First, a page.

The boy that stands before them looks like their son and knows details about their lives that no one else can know, but this must be an elaborate hoax. Lucille wants to believe but Harold Langston can not accept it. Those closest to the family try to unravel this impossible mystery, including Sheriff Fred Langston (Matt Craven, CRIMSON TIDE), whose wife Barbara also drowned 30 years ago trying to save Jacob. But this boy who claims to be the deceased Jacob knows secrets about the events of his own death that no one else knows-secrets that Fred’s daughter Gail will begin to investigate and discover to be true. The child’s return will have everyone questioning faith, miracles and the supernatural. When other mysterious strangers start to arrive in Arcadia, we come to know that Jacob is not the only one FOREVER. From Executive Producer Aaron Zelman (DAMAGES, THE KILLING) and Brillstein Entertainment and Brad Pitt’s Plan B comes a character drama about what happens when the dead come back very much alive.


Resurrection is a very interesting show, and one of the few shows that ABC has produced in the last couple of years that I actually enjoy. Sorry ABC, you just don’t make shows that I like to watch. There is just enough surprise and suspense in each episode that it kept me coming back every week, hoping to have the answers for plenty of my unanswered questions. The main cast performed very well, I wasn’t disappointed in their performances as much as I normally am. Where Resurrection really strives are the moments full of emotion and intimacy. Why do you make us feel Resurrection?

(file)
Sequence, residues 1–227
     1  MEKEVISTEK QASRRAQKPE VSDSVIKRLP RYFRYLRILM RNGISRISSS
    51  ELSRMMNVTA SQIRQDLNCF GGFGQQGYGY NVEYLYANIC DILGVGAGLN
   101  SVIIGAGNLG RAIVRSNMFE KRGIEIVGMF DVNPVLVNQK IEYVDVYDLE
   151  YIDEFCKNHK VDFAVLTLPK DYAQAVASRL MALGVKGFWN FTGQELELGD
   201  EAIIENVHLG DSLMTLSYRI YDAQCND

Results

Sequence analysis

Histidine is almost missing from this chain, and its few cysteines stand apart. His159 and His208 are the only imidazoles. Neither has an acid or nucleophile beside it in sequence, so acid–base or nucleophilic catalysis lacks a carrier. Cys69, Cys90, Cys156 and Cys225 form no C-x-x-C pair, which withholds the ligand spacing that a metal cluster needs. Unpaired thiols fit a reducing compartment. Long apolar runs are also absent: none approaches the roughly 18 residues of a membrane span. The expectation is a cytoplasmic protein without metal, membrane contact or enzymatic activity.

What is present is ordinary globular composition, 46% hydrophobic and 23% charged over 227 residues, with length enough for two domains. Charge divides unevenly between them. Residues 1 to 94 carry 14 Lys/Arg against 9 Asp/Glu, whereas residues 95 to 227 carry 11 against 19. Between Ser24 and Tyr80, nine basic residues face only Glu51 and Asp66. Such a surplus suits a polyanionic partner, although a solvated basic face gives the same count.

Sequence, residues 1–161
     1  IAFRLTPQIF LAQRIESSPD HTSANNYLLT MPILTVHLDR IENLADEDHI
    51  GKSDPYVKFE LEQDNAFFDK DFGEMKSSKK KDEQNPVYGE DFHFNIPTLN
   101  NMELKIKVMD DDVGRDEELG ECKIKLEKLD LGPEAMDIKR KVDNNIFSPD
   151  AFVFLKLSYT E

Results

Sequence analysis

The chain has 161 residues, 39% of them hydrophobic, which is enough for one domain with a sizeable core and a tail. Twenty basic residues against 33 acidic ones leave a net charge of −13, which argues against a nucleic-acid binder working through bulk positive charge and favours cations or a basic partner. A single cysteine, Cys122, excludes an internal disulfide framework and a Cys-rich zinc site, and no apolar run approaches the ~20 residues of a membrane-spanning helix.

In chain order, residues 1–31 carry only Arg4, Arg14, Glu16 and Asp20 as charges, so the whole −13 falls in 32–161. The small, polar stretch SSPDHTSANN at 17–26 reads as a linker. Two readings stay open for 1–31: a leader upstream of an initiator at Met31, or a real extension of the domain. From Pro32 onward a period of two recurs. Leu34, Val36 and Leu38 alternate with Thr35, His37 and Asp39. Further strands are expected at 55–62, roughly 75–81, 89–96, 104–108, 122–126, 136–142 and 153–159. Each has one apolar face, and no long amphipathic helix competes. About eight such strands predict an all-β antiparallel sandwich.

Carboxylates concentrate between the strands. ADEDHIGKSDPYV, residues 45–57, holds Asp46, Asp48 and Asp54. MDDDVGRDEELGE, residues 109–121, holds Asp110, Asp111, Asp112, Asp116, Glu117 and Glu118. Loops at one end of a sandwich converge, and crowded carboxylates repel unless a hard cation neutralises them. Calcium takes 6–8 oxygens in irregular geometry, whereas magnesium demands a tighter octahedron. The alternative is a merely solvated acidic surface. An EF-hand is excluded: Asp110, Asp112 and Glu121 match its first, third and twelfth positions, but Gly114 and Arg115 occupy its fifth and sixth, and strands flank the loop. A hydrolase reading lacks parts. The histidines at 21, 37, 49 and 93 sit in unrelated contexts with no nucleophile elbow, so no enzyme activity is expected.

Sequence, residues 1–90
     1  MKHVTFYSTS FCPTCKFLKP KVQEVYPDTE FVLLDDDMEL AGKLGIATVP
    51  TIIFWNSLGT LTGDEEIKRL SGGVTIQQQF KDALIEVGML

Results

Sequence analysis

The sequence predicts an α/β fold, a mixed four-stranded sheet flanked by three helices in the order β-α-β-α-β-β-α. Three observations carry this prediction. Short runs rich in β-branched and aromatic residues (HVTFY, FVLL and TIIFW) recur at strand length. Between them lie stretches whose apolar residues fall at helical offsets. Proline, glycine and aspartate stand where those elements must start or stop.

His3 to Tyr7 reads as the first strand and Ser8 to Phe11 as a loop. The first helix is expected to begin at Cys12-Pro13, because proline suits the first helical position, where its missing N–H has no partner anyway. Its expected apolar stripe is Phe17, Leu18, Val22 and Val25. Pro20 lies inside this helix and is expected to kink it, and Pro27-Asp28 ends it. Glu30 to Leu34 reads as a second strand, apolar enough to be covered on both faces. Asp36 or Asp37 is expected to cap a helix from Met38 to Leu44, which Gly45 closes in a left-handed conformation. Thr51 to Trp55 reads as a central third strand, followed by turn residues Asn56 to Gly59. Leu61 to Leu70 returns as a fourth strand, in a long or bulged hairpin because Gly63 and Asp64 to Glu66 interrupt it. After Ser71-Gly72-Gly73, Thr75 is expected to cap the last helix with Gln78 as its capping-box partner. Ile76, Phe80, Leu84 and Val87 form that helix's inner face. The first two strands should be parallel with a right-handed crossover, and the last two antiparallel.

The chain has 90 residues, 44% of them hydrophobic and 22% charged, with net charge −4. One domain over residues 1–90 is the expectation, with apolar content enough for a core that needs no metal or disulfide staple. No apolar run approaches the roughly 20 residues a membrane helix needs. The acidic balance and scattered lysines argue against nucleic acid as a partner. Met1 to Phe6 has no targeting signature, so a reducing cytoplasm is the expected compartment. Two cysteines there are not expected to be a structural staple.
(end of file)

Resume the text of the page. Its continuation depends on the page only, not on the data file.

What disappoints me about many of the Resurrection episodes is that nothing much of interest happens until the last 10 minutes. I worry too that this premise may be too incredible to have a satisfactory conclusion, but I hope I’m wrong. All too soon, however, the mystery that I like about Resurrection turns into soapy melodrama, and the supernatural is superseded by the clichés of network drama: stock characters, obvious plot twists and too much heavy-handed exposition. Lastly, the show is bogged down by mundane subplots and generic characters.


  • Surprise and suspense in each episode to keep me coming back each week.
  • Plenty of unanswered questions.
  • Main cast performances.
  • Moments of emotion and intimacy.


  • All interesting points of the show happen in last act.
  • Premise may be too “out there”.
  • Mystery turns into melodrama.
  • Mundane subplots and generic characters.

SCORE: 6.5 / 10